Should You Make the First Offer? Making the First Move in Negotiations

By — on / Business Negotiations

Adapted from “Resolving the First-Offer Dilemma,” first published in the Negotiation newsletter.

Should you make the first offer? Few questions related to negotiation have yielded more attention and debate. The conventional wisdom among some: Don’t make the first offer, or risk “showing your cards” and perhaps unknowingly giving away some of the bargaining zone. Others provide experimental and real-world evidence that making a first offer allows you to “anchor” the negotiation favorably, particularly if you have a good sense of the bargaining range and (even better) your counterpart does not.

In a series of studies, researchers Ashleigh Shelby Rosette of Duke University, Shirli Kopelman of the University of Michigan, and JeAnna Abbott of the University of Houston provide new evidence that might reconcile these competing perspectives. They asked MBA students to negotiate a single-issue price deal and recorded who made the first offer, the amount of the offer, and the deal outcome.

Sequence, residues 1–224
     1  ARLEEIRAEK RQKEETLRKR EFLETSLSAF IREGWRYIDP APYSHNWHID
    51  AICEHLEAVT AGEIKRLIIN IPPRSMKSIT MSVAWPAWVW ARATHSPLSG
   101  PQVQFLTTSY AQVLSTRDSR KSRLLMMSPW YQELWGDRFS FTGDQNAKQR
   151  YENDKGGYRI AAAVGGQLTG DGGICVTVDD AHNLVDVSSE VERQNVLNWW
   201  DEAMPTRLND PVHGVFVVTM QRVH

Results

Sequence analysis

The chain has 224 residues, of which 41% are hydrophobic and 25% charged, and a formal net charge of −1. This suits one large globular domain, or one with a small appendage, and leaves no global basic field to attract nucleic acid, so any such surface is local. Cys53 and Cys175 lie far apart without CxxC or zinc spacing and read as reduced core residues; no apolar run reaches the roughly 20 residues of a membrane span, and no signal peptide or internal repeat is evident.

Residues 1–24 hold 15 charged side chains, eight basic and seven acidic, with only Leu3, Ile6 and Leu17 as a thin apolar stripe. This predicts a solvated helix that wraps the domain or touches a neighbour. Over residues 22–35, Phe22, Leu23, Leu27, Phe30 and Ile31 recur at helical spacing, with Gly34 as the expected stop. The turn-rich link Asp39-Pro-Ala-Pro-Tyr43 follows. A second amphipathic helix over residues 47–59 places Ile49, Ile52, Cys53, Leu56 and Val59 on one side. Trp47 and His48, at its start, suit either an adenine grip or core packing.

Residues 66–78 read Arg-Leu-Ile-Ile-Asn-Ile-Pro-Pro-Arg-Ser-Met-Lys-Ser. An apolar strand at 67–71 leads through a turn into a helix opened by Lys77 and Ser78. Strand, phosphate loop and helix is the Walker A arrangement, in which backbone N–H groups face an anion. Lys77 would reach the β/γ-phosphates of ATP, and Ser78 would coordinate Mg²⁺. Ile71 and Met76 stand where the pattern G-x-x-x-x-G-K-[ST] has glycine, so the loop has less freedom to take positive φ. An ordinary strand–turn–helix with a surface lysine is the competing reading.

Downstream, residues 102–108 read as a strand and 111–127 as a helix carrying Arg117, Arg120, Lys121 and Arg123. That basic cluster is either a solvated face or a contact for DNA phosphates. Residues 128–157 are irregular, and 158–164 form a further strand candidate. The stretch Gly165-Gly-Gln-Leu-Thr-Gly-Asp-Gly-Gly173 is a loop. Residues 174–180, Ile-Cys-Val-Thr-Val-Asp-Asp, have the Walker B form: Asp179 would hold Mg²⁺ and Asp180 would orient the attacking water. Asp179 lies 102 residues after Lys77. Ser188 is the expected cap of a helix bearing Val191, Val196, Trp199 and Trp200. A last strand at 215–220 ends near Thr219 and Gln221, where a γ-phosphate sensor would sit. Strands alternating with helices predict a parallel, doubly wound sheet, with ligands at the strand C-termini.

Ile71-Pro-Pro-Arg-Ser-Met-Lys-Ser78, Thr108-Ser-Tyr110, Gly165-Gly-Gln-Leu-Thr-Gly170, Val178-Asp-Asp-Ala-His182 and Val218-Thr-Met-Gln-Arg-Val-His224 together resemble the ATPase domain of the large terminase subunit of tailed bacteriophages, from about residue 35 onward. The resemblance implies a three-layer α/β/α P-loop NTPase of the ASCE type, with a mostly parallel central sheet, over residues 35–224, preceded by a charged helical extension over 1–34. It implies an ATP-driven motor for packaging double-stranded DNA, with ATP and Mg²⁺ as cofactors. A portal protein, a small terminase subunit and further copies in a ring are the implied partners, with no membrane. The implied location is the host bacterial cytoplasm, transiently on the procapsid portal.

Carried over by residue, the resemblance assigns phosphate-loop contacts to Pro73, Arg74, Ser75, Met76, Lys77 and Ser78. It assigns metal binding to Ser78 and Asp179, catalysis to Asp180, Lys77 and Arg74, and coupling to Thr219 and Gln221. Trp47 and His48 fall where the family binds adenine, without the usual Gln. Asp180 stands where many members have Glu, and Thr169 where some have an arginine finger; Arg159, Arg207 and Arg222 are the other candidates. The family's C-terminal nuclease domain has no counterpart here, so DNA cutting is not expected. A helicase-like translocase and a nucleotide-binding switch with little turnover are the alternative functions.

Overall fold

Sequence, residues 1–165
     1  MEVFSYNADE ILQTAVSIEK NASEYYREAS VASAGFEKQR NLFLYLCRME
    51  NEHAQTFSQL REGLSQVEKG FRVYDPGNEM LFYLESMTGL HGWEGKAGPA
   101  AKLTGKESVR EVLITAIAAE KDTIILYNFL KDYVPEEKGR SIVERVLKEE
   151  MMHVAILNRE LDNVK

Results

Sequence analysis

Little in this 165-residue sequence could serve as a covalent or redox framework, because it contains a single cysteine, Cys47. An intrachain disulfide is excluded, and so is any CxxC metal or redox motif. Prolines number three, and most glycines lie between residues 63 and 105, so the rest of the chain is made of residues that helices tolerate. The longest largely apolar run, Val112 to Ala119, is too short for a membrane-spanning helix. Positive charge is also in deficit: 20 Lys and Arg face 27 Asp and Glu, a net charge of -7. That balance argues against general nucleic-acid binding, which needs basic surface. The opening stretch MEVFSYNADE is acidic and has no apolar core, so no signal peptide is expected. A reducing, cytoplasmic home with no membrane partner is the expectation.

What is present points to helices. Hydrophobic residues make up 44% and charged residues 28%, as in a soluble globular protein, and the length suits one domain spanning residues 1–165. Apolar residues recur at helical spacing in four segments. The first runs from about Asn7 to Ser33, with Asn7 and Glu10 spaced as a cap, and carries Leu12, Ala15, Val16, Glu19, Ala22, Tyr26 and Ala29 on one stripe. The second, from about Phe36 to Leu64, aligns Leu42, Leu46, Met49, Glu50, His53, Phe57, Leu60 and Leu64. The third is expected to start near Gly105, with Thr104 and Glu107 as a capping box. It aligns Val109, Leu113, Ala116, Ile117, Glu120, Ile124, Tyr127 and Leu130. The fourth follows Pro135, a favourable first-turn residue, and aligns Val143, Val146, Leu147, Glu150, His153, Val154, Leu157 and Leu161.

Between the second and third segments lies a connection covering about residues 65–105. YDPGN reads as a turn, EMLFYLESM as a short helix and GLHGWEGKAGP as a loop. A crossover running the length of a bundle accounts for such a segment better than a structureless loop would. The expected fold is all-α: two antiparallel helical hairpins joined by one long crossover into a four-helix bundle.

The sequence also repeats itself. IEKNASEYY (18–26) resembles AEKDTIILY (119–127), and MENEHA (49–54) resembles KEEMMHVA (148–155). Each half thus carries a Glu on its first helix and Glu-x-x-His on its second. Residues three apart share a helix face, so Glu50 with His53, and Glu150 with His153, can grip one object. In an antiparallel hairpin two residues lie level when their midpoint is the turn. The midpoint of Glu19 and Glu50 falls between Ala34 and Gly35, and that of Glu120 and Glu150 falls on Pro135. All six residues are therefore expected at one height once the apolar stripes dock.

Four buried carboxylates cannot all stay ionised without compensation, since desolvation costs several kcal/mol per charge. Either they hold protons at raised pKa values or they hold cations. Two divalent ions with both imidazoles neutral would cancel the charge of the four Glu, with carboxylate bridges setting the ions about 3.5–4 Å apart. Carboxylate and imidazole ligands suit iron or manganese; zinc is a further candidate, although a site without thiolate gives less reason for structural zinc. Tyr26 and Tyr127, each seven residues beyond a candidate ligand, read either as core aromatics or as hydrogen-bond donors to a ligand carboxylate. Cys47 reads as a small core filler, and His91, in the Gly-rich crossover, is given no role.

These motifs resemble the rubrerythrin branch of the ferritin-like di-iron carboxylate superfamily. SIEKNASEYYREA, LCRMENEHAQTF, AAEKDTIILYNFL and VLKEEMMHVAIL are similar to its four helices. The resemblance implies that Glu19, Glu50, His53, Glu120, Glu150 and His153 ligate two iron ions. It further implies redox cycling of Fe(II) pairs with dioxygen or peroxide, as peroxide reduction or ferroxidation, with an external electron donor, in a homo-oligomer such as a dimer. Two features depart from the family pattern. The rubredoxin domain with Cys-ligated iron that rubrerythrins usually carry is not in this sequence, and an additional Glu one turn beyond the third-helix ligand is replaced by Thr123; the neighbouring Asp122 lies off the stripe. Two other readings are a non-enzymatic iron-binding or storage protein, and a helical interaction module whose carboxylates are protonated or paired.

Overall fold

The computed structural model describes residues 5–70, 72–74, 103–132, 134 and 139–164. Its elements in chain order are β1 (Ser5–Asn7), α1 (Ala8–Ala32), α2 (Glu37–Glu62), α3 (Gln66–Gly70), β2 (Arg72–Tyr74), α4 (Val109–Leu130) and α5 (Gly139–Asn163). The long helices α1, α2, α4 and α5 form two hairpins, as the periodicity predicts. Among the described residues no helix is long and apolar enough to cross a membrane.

Subjects then were asked questions about their emotional state, such as whether they felt anxious during talks and whether they were satisfied with the outcome. The negotiators who made first offers felt more anxiety than those who did not-and, as a result, were less satisfied with their outcomes. Yet, backing up prior studies, those who made first offers did better in economic terms than those who did not.

The implication? If you value only the economic outcome of your deal, make a first offer in order to anchor the negotiation in your favor. But if you value satisfaction with the negotiation process more than the outcome itself, you may want to avoid the stress and anxiety of making a first offer.

The authors also recommend finding “a personal antidote that would prevent feelings of anxiety from emerging altogether.” For example, “some negotiators may find it helpful to role-play making the first offer and repeat this behavior in a safe simulation setting until they feel comfortable enacting it in a real-world negotiation.”

Discover step-by-step techniques for avoiding common business negotiation pitfalls when you download a copy of the FREE special report, Business Negotiation Strategies: How to Negotiate Better Business Deals, from the Program on Negotiation at Harvard Law School.

Related Article: Anchors Away

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